The Challenges of an Error Reporting System 

By Robert Baron, Ph.D

The Aviation Consulting Group


On first mention, many of the managers and supervisors I speak with are supportive of the idea of an error reporting system (ERS) in their organization. The benefit of an ERS is fairly obvious; if errors are reported then fixes can be implemented and errors can be diminished or in some cases even eliminated. This in turn creates a safer working environment, as well as reduced vulnerability to litigation. Yet, in light of all these benefits, many organizations have failed to adopt and support a formal ERS.

Up until this point there has not been a regulatory requirement for an ERS. However, a paradigm shift has begun to occur with the implementation of human factors (HF) training programs and safety management systems (SMS) in the United States. Both of these programs call for an ERS, and suggestions for implementation are spelled out accordingly: On the HF side, one should reference the Operator’s Manual for Human Factors in Aviation Maintenance published by the FAA. On the SMS side, information can be found by accessing FAA Advisory Circular 120-92B.

But why the major push for ERSs these days?

The well-known Heinrich Ratio states that, for every fatal accident, there will be three to five nonfatal accidents and 10 to15 incidents; but there will also be hundreds of unreported occurrences. Unreported occurrences are extremely problematic since no defenses can be employed if nobody knows these occurrences exist. This makes sense. However, the resistance encountered in employing an ERS generally stems from peoples’ natural propensity to deny they make mistakes in the first place, as well as their fear of retribution or punishment for disclosing such mistakes. This can create a “darned if you do, darned if you don’t” mindset. From a personal standpoint, employees may feel that, while there are clear advantages to error reporting, at the same time they might also feel that the embarrassment and potential punitive implications far outweigh the advantages.      

A good and effective safety culture must include an ERS. And the key to a successful ERS is a Just Culture. A Just Culture is a culture that acknowledges that well-intentioned people still make mistakes and should not be punished for slips, lapses, mistakes, and other common everyday errors. Yet, a line is still drawn where willful violations and purposeful unsafe acts will be dealt with in punitive form. The general indications are that only around 10 percent of actions contributing to bad events are judged as culpable (Reason, 2004, as cited in Global Aviation Information Network, 2004, p. vi). The bottom line of a Just Culture is trust. Employees must know that they can report errors without sanction. Once this trust is established, then an organization can have a reporting culture, something that provides the system with an accessible memory, which, in turn, is the essential underpinning to a learning culture (p. vi). Along the same lines, Eiff (1999) suggests that, “An effective and systematic reporting system is the keystone to identifying the weakness and vulnerability of safety management before an accident occurs. The willingness and ability of an organization to proactively learn and adapt its operations based on incidents and near misses before an accident occurs is critical to improving safety.”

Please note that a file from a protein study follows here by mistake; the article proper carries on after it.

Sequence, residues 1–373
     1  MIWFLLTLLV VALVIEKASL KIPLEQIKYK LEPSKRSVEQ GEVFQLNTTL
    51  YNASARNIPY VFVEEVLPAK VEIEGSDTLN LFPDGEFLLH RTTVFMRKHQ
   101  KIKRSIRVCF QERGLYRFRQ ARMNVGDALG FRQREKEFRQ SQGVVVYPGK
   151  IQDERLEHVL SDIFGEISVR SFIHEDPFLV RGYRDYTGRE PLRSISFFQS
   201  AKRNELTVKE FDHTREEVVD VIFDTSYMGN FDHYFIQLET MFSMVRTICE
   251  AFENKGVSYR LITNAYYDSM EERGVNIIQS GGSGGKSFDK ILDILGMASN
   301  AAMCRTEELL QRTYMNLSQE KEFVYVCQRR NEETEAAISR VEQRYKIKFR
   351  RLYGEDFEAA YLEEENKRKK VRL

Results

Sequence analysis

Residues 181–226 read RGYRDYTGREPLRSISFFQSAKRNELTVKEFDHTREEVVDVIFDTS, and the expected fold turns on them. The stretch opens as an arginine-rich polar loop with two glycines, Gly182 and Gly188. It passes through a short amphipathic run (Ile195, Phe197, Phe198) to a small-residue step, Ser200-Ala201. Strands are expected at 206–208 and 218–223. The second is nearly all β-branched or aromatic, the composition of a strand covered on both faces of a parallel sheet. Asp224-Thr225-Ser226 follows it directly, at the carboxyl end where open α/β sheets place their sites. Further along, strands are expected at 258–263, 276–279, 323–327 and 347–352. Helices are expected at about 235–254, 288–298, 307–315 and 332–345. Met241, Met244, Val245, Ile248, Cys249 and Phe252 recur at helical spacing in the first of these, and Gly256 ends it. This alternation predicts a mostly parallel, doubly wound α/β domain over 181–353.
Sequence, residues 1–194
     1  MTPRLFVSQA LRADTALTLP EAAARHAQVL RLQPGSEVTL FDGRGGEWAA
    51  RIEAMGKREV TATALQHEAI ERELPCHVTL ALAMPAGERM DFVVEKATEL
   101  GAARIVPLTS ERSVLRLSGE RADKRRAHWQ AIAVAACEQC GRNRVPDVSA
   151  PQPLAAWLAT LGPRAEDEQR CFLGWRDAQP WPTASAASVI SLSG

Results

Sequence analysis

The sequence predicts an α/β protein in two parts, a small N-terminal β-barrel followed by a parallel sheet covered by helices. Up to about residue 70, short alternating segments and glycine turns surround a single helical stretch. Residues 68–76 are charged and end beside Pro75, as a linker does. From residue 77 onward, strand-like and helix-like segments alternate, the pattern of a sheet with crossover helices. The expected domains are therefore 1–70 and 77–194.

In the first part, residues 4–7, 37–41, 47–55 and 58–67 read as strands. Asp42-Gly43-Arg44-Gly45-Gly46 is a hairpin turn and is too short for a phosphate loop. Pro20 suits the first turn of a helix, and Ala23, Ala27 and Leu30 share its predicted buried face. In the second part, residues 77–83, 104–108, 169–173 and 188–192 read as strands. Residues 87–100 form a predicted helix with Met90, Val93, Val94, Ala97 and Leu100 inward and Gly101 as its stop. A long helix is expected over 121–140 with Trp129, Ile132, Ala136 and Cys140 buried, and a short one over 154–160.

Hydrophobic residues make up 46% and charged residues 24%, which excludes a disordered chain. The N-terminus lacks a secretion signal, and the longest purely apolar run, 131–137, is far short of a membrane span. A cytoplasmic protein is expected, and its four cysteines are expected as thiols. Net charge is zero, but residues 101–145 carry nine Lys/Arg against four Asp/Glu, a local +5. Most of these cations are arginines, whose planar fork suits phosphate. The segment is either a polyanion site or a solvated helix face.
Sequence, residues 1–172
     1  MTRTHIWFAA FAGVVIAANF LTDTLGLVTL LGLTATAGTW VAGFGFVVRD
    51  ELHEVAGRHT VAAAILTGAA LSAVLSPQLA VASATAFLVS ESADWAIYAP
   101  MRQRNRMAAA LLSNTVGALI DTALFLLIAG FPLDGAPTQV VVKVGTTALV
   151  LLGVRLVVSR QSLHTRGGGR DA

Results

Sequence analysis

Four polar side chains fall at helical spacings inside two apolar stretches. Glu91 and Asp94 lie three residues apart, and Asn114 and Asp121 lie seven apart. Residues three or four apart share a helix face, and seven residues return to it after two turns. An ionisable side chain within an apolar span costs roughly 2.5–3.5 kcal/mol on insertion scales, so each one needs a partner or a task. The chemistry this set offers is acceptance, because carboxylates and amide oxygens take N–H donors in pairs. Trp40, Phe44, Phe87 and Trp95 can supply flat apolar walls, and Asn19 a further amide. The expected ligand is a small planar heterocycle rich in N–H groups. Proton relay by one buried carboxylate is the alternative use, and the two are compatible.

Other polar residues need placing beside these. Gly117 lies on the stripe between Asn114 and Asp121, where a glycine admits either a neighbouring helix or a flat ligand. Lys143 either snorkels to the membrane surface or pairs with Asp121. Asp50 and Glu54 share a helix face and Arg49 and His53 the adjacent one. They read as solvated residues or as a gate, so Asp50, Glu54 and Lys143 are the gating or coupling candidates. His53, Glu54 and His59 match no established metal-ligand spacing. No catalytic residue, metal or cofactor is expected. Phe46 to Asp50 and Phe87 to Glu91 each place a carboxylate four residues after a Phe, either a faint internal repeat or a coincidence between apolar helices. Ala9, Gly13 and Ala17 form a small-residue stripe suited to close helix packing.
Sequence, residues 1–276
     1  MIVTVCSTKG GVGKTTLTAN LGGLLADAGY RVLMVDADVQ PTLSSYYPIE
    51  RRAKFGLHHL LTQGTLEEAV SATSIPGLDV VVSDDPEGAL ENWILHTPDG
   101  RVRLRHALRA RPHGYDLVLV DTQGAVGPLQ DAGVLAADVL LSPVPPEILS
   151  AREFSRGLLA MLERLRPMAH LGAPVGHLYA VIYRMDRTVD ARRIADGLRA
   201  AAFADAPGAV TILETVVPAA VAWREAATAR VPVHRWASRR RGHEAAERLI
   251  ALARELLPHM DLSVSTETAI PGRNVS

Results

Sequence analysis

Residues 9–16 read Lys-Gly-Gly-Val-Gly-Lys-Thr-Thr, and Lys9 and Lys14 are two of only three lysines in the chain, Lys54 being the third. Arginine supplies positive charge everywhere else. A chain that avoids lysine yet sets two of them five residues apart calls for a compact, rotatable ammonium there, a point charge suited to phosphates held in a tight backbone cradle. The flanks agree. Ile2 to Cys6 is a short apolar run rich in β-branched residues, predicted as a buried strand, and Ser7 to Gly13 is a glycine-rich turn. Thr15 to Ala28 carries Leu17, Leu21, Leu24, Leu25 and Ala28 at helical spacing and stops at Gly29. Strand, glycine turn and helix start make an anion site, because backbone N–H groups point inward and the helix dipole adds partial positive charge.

So, are you ready to start your ERS? If so, there are a number of steps that you will need to take in order to get your basic ERS up and running.

First, you will need to announce that an ERS is going to be established within your organization. Upper-level buy-in is a must. In fact, those within the highest positions of the company should make it clear that the ERS is a non-punitive reporting system and that the system has the complete support of management.